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Jamie Lee Curtis returns to "Halloween" as "Laurie Strode". She talks to USA TODAY about the (in) famous mask of the murderous Michael Myers.
Robert Hanashiro, USA TODAY

Once you've heard there's another "Halloween" movie featuring Jamie Lee Curtis horror hero Laurie Strode against the iconic villain Michael Myers, you might suspect that one of them probably would not be in the end. And the latest tour does not disappoint, with a fiery, action-packed climax.

So who made it alive? Well, that's a complicated question.

Spoiler alert! We discuss the plot points that end with "Halloween," so be careful if you have not seen it yet.



This is your last warning. (And also a nice time for a sweet little Michael Myers GIF.)

After 40 years of preparing for Michael's return, Laurie has finally turned the tables on the original 1978 "Halloween" and lured him into an isolated house in the woods. Her daughter Karen (Judy Greer) and her granddaughter Allyson (Andi Maathhak) hide in a secret cellar under the kitchen, while Laurie struggles with Michael, a fight that goes through the house and ends with Laurie thrown by a second becomes. Stock balcony.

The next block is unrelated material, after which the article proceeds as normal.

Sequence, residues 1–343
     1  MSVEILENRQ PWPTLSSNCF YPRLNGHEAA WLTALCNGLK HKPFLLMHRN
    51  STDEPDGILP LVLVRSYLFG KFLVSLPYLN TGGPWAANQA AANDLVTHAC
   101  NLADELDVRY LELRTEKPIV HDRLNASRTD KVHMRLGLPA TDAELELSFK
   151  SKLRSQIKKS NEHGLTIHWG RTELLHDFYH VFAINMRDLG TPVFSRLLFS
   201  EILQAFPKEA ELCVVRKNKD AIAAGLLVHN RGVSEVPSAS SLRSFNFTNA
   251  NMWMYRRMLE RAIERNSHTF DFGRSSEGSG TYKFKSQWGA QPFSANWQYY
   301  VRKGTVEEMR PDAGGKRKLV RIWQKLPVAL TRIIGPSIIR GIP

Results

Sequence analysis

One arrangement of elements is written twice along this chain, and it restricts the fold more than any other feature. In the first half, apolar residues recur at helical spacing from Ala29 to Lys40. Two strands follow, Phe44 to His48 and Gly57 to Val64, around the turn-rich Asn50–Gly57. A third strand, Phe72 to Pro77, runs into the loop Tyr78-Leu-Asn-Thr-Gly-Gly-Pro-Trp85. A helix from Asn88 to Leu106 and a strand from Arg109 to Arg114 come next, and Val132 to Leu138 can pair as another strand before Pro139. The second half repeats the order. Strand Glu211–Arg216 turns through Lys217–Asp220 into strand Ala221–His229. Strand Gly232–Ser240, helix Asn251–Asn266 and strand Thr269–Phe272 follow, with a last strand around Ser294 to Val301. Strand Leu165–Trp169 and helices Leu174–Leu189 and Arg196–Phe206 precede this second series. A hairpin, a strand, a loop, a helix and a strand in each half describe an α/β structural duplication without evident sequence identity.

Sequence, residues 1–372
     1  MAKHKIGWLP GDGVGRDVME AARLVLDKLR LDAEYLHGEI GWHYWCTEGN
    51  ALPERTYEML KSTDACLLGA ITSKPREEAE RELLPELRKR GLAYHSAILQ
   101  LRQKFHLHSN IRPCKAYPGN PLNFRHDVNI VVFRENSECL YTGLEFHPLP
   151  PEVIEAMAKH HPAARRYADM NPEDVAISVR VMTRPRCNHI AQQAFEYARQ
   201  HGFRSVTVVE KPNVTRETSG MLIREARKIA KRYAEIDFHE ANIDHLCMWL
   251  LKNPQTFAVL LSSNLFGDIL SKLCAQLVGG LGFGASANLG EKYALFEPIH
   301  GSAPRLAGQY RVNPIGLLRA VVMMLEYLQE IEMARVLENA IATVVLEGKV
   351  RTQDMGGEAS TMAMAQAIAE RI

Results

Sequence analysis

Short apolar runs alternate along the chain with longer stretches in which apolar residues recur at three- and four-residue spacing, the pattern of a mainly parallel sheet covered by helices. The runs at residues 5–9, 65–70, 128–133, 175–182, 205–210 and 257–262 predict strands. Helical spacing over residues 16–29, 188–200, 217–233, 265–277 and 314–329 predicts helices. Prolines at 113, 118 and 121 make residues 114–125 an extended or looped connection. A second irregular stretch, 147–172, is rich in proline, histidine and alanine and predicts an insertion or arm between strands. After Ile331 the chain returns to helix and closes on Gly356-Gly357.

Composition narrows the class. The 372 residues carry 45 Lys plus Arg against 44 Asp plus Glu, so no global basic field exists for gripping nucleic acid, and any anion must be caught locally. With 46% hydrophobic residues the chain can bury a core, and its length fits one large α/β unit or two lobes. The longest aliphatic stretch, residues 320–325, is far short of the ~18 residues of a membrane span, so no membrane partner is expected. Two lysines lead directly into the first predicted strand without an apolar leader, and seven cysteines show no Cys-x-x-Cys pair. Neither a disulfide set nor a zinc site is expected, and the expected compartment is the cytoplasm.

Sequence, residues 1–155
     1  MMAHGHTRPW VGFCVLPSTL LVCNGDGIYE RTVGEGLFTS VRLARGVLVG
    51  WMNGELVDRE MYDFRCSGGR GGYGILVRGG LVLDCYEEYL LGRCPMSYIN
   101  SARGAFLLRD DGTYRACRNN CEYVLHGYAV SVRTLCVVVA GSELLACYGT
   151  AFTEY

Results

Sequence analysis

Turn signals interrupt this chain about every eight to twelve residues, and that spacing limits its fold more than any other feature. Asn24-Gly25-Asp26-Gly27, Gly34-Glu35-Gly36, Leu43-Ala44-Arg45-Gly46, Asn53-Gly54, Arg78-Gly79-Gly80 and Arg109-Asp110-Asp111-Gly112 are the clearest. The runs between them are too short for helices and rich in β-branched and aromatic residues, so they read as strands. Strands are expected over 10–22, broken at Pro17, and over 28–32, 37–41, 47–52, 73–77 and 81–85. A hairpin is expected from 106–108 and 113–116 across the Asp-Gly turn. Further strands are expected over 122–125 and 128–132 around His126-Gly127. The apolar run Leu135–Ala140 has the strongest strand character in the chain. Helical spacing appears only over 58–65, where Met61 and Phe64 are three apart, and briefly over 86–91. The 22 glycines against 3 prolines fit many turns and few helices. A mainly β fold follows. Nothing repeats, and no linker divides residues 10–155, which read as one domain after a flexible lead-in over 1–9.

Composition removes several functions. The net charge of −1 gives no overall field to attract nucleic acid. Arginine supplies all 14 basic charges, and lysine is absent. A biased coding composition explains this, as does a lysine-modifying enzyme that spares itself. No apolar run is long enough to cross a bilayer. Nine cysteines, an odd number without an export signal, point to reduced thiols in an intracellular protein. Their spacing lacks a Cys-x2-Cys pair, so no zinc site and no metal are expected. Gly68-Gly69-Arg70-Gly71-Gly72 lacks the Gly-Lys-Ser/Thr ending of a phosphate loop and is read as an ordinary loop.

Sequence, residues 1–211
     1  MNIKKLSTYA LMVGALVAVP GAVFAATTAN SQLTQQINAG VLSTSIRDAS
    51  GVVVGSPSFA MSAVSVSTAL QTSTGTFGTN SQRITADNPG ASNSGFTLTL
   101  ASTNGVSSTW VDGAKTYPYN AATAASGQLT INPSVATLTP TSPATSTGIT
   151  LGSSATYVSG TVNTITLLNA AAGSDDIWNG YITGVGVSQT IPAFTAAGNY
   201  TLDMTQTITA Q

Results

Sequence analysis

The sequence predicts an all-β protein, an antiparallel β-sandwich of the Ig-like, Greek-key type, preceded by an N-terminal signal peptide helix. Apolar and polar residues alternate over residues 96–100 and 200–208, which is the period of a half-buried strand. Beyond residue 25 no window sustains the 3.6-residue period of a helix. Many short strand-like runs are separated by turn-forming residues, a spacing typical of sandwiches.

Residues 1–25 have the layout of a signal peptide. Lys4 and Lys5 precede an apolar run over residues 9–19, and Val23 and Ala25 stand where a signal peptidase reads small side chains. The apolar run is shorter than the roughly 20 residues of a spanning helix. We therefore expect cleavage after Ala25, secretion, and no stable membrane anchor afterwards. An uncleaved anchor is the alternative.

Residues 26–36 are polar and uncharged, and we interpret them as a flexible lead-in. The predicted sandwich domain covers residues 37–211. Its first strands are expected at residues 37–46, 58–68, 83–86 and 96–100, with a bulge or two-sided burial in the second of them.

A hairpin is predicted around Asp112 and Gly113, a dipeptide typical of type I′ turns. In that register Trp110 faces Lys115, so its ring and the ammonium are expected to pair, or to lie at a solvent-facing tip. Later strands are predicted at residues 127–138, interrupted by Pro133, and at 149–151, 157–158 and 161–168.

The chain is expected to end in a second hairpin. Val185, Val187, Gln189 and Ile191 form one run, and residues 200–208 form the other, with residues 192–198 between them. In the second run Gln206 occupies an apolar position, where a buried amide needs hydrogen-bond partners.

Here's the thing: The house is in fact a Michael-ready death trap. Michael goes after the other women and rips the kitchen island over the floor to find Karen and Allyson. Karen cries for her mother to help, but it's a cunning: As Michael prepares to enter the bunker, Karen's frightened face becomes icy, she says "Gotcha" and shoots him in the head.

Laurie Strode (right) protects daughter Karen ("Judy Greer") in "Halloween". (Photo: RYAN GREEN / UNIVERSAL)

While Michael is stunned, Laurie (who is completely OK!) Comes out of nowhere and sends him down the stairs so that Karen and Allyson can quickly get off, though Allyson has a knife Michael must stab and grabs the leg of her mother so that Karen can escape. Laurie blocks his exit and turns on a series of hidden gas taps, and with a "Goodbye, Michael" last message he throws a burning flame at him. The bunker, followed by the whole house, goes up in flames and Michael sits quietly and inexplicably while the women escape.

"Every time you kill the dragon, it feels great because you've moved that obstacle away from you with every life you could have, at least you have a chance at life," says Curtis USA TODAY about the end.

"The film's final shot is made by three women who killed the dragon, and the youngest of them has the knife in their hands, and in that imagery is poetry and beauty, and a very satisfying feeling."

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